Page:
By Alice Kim, MD
If you are an older adult a simple thing can change your life, like tripping on uneven pavement or slipping on a slick surface. If you fall, you could break a bone, like thousands of older men and women do every year. Although a broken bone might not sound bad, it could prompt more serious health issues.
Many things can cause a fall. Your eyesight, hearing and reflexes might not be as sharp as they were when you were younger. Diabetes, heart disease or problems with your thyroid, nerves, feet or blood vessels can affect your balance. In addition, some medications can cause you to feel dizzy or sleepy and make you more likely to fall.
However, it’s important to not allow a fear of falling keep you from being active. Doing things like gathering with friends, gardening, walking or going to the local senior center helps you stay healthy. The good news is there are simple ways to prevent most falls.
Do the right things
If you take care of your overall health, you may be able to lower your chances of falling. Most of the time, falls and accidents don’t just happen. Here are a few tips intended to help you avoid falls and broken bones:
· Stay physically active. Plan an individualized exercise program that works for you. Regular exercise improves muscle health and makes you stronger. It also helps keep your joints, tendons and ligaments flexible. Mild weight-bearing activities – such as walking or climbing stairs – can help slow bone loss from osteoporosis.
· Undergo vision and hearing tests. Even small changes in sight and hearing may cause someone to fall. When you get new eyeglasses, make time to get used to them. Always wear your glasses when you need them. If you have a hearing aid, make sure it fits well and wear it.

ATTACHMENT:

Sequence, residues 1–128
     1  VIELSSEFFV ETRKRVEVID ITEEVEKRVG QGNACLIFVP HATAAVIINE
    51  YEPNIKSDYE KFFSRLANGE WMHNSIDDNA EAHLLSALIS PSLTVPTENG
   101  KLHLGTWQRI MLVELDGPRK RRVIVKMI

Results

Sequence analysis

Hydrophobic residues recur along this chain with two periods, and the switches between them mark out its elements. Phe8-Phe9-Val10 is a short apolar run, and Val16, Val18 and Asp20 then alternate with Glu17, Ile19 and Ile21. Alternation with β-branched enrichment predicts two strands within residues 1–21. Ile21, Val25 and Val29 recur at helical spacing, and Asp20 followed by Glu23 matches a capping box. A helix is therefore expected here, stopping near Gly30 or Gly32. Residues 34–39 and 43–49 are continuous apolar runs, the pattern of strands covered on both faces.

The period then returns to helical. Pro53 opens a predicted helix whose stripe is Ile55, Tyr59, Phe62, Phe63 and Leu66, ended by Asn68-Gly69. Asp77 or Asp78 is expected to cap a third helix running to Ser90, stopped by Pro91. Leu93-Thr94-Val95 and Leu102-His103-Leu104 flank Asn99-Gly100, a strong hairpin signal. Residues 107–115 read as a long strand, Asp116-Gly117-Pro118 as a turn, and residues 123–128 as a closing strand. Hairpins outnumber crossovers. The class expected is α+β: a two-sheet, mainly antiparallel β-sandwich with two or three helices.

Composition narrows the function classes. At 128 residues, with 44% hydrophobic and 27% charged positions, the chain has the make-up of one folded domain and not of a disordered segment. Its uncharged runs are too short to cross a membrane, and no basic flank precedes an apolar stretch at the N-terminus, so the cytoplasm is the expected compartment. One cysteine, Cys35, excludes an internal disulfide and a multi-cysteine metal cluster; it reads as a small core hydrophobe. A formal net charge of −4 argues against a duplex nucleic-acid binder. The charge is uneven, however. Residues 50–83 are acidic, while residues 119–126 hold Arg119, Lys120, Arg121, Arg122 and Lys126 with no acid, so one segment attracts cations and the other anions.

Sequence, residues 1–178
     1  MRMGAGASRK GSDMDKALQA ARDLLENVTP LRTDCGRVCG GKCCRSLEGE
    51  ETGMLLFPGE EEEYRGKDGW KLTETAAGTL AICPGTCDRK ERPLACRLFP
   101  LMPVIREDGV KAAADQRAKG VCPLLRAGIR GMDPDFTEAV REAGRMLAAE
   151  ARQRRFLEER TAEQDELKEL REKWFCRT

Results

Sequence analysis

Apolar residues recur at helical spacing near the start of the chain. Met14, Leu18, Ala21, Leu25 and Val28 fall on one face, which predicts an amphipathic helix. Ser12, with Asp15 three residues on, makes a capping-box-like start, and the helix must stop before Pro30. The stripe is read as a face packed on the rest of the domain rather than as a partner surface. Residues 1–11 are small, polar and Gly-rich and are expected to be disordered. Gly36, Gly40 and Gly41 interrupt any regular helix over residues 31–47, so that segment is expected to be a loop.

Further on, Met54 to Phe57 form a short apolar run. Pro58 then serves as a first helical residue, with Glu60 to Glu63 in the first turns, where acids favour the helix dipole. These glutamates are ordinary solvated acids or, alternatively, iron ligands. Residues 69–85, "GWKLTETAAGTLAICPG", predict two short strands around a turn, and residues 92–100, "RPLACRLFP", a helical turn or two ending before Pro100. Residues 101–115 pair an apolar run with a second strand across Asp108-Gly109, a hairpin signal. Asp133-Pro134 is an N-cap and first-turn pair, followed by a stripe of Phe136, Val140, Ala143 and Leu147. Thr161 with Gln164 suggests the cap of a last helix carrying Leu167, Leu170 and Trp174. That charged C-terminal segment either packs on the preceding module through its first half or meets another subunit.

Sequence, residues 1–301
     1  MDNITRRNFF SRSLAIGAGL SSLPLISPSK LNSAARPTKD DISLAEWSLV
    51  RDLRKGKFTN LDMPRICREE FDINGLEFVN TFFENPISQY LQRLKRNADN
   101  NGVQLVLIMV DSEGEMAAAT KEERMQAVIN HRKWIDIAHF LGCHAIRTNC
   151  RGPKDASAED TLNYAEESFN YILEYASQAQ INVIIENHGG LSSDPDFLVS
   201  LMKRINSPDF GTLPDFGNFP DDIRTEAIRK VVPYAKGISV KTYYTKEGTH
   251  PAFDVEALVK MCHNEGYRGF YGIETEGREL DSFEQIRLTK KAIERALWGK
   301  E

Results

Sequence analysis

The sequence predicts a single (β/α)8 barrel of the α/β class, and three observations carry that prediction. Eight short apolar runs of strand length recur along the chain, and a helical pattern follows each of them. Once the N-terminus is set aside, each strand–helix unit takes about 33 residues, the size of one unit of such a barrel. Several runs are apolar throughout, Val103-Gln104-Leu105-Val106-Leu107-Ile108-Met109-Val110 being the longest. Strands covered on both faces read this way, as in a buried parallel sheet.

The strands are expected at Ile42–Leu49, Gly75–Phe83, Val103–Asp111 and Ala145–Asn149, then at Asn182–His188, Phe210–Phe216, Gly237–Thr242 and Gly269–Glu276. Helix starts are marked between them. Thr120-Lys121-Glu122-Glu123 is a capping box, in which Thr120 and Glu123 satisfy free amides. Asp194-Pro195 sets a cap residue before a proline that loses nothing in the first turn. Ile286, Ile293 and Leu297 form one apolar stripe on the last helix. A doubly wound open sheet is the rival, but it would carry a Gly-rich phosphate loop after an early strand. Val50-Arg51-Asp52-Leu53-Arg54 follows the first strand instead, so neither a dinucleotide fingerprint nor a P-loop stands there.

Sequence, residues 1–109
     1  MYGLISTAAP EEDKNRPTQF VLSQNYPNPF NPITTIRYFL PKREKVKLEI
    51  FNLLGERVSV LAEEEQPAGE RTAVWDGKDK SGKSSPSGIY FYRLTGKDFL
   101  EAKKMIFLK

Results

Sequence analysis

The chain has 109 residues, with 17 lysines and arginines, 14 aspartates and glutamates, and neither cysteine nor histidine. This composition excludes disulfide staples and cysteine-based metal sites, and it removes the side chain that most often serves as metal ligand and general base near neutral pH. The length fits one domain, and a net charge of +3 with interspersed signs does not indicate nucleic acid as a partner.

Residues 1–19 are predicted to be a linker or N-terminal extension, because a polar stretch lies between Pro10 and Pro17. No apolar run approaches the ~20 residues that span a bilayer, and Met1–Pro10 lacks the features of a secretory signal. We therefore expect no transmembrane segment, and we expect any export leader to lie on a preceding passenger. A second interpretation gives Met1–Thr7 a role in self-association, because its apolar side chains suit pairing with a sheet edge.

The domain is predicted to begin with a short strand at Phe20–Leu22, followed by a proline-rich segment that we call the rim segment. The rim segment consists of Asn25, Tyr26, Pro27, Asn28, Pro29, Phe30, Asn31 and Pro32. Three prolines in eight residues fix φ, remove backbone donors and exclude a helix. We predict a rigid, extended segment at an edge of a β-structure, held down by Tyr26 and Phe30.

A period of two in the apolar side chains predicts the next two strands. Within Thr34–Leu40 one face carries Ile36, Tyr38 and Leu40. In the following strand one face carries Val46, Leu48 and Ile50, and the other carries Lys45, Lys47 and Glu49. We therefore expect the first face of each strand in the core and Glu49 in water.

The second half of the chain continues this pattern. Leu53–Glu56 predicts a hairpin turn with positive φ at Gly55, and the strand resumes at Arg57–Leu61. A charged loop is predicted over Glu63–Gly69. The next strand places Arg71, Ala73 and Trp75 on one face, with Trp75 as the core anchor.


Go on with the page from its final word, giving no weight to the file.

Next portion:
· Learn the side effects of any medicine you take. If a drug makes you drowsy or dizzy, tell your provider or pharmacist.
· Get sufficient restful sleep. Older adult who are tired are more likely to fall.
· Curtail the amount of alcohol you consume. Even small amounts of alcohol can affect a person’s balance and reflexes.
· Stand slowly. Getting up too quickly can cause your blood pressure to fall, which can cause someone to feel unsteady on their feet.
· Use a cane or walking stick if you need help feeling steady on your feet. If your provider tells you to use a walking aid, make sure it is the right size and that it helps you move smoothly. This is important when you’re walking in unfamiliar areas or places where the walking surface is uneven.
· Be cautious when navigating wet or icy surfaces. Spread sand or salt on slick areas near your front and/or back door.
· Wear non-skid, rubber-soled, low-heeled shoes that support your feet. The bottom of your shoes should not be too thin or too thick. Also, avoid walking on stairs or floors in socks or shoes with smooth soles.
· And always tell your provider if you’ve fallen since your last visit – even if you avoided injury when you fell.
Osteoporosis is a disease that weakens and compromises bones. Many people think osteoporosis is unique to women, but it also affects older men. Even a minor fall can be dangerous among people affected by osteoporosis. This is why it’s important to speak with your provider about being tested for osteoporosis.
Make your home safe
There are many changes that can be made to homes that will help older adults avoid falls and stay safe.